Anyway, that brought up extra innings, and Tyler Thornburg started it off by allowing just a single in an inning of work. With the Padres bullpen nearly depleted, they went to Leonel Campos (who started off the night with a 135 ERA, though only in 0.1 innings of work). Santana walked, but that was all the Brewers could manage in the 10th. Chris Capuano came on to start the 11th, and allowed a walk that was erased on a double play. Campos pitched a second inning, walking fellow pitcher Capuano, but nothing else.

In the 12th, the Padres decided to take the game since the Brewers wouldn't take it. Capuano got a fly out and a strike out to start the inning, but back-to-back home runs from Derek Norris and Melvin Upton gave the Padres an 8-6 lead. The Padres brought out their last reliever, Carlos Villanueva, who had pitched two innings the previous night. Lucroy homered to close the gap to 8-7, but that was all the Brewers could do as they lost this game in 12 innings.

At this point, it's uncertain if Wily Peralta will remain in the starting rotation. It was another disaster start for him, allowing six runs on eight hits and three walks in 4 2/3 innings. After the game, manager Craig Counsell did not give Peralta a vote of confidence, and he will be looking at his options before making a decision on Peralta's fate. Unfortunately, the options for what the Brewers can do aren't great. Jorge Lopez and Taylor Jungmann have been struggling in Triple-A, but that depends on how much stock you put in Colorado Springs numbers. Also, reaching down to Double-A for more than a start isn't a good idea. However, if it will do more harm than good to leave Peralta in the rotation now, the Brewers have to make a change.

On the other hand, give the Brewers bullpen a lot of credit. Carlos Torres, Blaine Boyer, Michael Blazek, Jeremy Jeffress, and Tyler Thornburg combined to allow just three hits and a walk over 5.1 innings. They were some of the unsung heroes of the game, giving the Brewers every chance to win this game (even if they didn't take it). Chris Capuano even had a good first inning before getting hit for those back-to-back home runs in his second inning of work.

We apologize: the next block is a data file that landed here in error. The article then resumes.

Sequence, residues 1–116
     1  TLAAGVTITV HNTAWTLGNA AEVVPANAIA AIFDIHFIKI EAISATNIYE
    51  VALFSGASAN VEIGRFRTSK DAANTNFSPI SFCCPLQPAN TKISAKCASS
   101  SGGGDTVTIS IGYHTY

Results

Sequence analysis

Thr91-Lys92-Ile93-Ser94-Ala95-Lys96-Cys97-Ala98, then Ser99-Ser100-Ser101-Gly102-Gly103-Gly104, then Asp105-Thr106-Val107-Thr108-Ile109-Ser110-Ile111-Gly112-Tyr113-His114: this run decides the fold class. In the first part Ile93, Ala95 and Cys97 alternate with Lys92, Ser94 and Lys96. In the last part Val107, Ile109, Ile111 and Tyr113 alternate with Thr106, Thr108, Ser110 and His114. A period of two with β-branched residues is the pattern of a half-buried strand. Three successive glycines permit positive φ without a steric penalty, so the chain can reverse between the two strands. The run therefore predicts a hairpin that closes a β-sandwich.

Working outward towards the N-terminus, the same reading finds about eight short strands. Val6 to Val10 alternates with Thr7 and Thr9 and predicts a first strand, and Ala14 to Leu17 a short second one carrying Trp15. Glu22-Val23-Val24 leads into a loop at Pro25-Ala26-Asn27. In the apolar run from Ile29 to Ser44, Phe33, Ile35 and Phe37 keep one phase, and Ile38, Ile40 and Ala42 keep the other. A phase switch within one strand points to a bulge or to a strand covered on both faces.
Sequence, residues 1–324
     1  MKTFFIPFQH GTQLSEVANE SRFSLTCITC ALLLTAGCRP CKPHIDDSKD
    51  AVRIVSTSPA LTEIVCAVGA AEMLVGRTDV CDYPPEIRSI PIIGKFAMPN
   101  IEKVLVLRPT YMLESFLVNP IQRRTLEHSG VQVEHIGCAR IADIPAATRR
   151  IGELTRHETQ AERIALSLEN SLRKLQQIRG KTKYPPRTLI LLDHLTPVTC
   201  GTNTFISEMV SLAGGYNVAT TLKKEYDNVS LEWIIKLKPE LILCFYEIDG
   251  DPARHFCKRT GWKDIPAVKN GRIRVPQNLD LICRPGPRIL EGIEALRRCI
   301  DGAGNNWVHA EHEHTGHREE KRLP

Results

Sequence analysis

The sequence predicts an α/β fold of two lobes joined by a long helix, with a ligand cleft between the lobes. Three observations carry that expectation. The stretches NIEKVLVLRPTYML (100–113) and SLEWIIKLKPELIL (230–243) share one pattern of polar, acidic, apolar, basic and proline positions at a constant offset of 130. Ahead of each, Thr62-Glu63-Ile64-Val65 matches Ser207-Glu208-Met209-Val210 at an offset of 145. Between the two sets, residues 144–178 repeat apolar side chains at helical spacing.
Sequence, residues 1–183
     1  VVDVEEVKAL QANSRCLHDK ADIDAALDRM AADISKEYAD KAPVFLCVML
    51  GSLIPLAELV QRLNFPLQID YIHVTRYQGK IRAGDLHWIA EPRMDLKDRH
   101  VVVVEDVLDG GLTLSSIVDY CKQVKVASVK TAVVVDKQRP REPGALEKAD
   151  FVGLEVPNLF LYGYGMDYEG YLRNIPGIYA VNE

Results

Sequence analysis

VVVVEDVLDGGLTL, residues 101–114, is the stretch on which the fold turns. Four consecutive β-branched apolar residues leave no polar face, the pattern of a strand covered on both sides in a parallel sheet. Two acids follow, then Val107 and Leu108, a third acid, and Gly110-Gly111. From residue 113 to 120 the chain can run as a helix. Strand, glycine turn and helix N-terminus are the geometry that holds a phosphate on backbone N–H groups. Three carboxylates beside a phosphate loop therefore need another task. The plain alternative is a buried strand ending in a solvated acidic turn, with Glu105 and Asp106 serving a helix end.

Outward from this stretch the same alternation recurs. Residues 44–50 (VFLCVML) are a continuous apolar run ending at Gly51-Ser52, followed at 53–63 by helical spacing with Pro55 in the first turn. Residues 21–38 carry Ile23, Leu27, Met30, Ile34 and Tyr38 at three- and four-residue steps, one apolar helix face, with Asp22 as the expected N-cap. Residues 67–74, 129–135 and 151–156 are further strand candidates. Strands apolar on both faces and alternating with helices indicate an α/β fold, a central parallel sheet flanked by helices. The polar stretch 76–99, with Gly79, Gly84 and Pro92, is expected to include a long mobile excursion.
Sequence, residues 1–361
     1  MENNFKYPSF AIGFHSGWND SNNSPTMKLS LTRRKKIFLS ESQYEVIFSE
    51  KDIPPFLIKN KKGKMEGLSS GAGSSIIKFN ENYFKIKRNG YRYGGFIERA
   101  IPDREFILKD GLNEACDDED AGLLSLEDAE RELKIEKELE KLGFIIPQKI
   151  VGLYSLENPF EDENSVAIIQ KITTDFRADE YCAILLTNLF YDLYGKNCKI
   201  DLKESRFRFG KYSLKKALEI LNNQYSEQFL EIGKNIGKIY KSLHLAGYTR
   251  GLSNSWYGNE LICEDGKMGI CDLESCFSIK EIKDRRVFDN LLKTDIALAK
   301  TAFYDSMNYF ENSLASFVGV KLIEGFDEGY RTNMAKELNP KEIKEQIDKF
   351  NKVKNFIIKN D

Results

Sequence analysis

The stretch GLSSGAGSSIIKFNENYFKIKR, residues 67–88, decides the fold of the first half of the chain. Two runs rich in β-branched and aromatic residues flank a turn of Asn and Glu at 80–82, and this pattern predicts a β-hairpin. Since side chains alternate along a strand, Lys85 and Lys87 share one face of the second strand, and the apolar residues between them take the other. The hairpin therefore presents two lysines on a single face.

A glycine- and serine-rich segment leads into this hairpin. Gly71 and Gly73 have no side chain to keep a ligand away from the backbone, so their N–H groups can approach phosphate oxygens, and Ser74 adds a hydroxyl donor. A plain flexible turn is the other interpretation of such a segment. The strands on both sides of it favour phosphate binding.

Meanwhile, on offense, it was a night of highs and lows. Jonathan Villar did reach base five times (on three hits and two walks), but that TOOTBLAN in the ninth is a massive tarnish on that performance. Jonathan Lucroy had two hits and a walk, Domingo Santana went 0-3 but reached base four times with three walks and a hit by pitch. Kirk Nieuwenhuis may have been the hero of the day with a 3-for-7 performance, driving in three runs. In total, the Brewers had 10 hits and 12 walks in the game, as well as two other baserunners from two occurrences of catcher's interference. However, the offense also went 2-for-16 with runners in scoring position and left 16 men on base as a team. That's another place where the Brewers lost last night.

One other note from this game: Ryan Braun was scratched from the game before it started with right wrist soreness. He was unavailable to pinch hit, which was evident from Capuano's at-bat. There's no word on how long that might keep him out for now.

After all of that action, the Brewers can salvage a split in the series this afternoon against the Padres. Cesar Vargas meets Zach Davies in the finale of the four game series at 1:10 pm today.